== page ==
There has been an ongoing war between those who think short selling should be allowed under any circumstances and those who want the practice curbed. That argument is likely to heat up again based upon a press release this morning from none other than Jim Cramer, along with investors Eric Oberg, William Furber, and Scott Rothbort. These investors have presented the Securities and Exchange Commission with a petition signed by 5,691 individuals calling for reinstatement of the Uptick Rule.
The petition was hosted by TheStreet.com, which Cramer co-founded, and you have undoubtedly heard Cramer make the same case on CNBC or perhaps on other websites such as BloggingStocks.com from AOL.
The Uptick Rule was in place until 2007 after being on the books as a regulatory curb that was passed in 1938. It seems that the regulators in the 1930’s decided they should do something to keep speculators from being able to endlessly attack weak companies after about 8 or 9 years of the pain of the Great Depression. The rule prohibits the short selling of securities except on an uptick.
The debate is not one which can be won in a sentence by either side. Short selling is part of an orderly market. Most market participants agree that short selling should not be eliminated. The problem comes down to when short selling can become a mere attack and when it should not be allowed.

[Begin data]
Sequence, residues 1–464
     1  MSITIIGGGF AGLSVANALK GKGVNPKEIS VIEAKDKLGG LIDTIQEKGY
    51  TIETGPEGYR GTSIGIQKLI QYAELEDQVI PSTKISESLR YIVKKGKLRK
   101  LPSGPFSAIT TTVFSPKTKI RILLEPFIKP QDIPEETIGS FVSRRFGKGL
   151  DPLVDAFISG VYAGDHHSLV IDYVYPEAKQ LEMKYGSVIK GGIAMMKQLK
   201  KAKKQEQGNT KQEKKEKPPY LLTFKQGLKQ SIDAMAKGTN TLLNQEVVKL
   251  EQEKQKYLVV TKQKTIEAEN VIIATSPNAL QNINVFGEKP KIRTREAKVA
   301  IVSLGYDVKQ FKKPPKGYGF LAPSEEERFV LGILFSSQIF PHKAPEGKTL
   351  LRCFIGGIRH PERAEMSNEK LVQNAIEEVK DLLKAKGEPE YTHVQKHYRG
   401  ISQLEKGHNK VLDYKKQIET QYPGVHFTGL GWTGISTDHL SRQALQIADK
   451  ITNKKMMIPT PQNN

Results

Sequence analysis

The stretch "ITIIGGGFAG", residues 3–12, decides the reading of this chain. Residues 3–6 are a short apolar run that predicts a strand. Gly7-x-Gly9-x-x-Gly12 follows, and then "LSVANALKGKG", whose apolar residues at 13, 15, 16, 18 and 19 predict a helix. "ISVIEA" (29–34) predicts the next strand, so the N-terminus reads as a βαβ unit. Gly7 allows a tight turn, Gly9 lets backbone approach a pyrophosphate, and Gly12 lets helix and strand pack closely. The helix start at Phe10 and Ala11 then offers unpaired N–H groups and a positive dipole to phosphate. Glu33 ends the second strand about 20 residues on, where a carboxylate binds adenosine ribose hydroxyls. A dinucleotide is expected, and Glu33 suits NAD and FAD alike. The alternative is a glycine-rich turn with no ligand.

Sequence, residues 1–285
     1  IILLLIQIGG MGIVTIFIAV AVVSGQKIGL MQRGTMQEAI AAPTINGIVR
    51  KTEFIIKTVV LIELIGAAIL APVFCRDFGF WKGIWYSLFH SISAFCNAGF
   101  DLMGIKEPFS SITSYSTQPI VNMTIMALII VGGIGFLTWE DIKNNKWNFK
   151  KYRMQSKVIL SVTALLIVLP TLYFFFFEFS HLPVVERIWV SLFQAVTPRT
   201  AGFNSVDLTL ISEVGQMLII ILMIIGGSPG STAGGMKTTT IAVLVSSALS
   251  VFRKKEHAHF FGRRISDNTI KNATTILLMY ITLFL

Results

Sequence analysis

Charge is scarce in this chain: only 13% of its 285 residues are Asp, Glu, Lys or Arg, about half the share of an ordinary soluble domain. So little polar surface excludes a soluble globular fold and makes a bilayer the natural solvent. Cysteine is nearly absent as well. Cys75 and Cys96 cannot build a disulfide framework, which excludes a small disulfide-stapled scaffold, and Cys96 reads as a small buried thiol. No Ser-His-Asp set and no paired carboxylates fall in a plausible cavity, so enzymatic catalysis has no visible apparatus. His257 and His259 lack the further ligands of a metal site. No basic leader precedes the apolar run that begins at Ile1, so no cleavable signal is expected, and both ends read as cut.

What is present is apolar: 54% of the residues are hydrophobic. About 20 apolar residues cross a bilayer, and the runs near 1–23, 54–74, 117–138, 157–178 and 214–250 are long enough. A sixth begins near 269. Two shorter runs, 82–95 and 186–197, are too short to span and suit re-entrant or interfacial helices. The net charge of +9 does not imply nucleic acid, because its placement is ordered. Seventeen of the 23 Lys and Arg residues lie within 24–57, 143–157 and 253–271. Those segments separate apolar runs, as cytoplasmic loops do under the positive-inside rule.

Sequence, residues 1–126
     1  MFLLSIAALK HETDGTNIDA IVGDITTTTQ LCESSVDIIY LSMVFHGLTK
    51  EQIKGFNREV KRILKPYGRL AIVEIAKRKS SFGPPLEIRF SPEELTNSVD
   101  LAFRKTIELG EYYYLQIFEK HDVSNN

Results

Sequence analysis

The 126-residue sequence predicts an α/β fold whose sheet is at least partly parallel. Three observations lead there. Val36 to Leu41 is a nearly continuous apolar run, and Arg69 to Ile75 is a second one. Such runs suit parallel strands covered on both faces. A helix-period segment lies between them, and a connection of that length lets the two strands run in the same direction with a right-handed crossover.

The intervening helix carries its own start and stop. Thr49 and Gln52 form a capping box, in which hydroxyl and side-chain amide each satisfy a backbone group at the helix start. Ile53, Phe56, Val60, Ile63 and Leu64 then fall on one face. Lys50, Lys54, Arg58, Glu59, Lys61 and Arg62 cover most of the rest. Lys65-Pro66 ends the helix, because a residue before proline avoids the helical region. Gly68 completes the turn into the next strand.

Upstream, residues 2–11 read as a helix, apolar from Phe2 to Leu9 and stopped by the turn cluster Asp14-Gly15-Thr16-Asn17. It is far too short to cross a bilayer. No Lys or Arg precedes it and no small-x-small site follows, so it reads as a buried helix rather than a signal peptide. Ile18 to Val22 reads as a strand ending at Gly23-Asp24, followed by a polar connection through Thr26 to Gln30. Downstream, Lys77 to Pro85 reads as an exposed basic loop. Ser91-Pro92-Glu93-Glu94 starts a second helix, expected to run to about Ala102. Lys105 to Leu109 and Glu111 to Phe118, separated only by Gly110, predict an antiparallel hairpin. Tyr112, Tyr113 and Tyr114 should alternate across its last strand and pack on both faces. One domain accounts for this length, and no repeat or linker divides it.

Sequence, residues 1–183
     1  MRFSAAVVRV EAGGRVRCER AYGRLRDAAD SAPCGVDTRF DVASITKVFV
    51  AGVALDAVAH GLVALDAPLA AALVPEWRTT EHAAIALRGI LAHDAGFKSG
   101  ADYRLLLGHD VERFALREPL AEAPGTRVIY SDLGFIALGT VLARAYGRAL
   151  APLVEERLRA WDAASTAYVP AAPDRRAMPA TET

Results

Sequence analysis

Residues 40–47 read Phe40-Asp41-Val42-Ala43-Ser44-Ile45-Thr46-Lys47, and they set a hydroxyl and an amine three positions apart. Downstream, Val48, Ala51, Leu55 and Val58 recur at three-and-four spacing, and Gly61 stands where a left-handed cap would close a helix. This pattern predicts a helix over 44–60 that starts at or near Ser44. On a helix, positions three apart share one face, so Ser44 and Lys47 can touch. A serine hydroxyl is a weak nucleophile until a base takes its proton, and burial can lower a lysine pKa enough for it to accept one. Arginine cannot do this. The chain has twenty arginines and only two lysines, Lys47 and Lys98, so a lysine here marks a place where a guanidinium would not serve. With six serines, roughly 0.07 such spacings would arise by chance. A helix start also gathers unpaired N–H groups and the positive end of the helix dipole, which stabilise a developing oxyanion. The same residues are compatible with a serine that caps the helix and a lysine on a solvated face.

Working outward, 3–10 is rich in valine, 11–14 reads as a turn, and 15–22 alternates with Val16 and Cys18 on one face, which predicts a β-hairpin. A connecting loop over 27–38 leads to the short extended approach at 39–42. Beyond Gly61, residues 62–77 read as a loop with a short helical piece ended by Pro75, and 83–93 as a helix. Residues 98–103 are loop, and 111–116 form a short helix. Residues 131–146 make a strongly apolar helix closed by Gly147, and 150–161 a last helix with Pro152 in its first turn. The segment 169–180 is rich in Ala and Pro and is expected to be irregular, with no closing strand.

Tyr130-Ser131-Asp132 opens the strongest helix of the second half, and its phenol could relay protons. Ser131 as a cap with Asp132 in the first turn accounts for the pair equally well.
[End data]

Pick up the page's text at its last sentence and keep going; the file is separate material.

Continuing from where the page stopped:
The only argument against an uptick rule is that now in the world of decimals in trading, an uptick can be artificially created in order to get a large block of stock sold short underneath it. Many firms have also been accused of never making sure that shares were even available for borrowing before letting customers short sell a stock.
There have been many proposed rules for short selling, and some include higher margin rates to short sell or some include individual stock circuit breakers rather than just market circuit breakers.
The Uptick Rule is under a review and public comment period at the SEC. Which way this exact ruling goes, that will take some time. It goes without saying that no matter what the new rules decided upon are, they will not be satisfactory for a large number of market participants.
JON C. OGG
June 2, 2009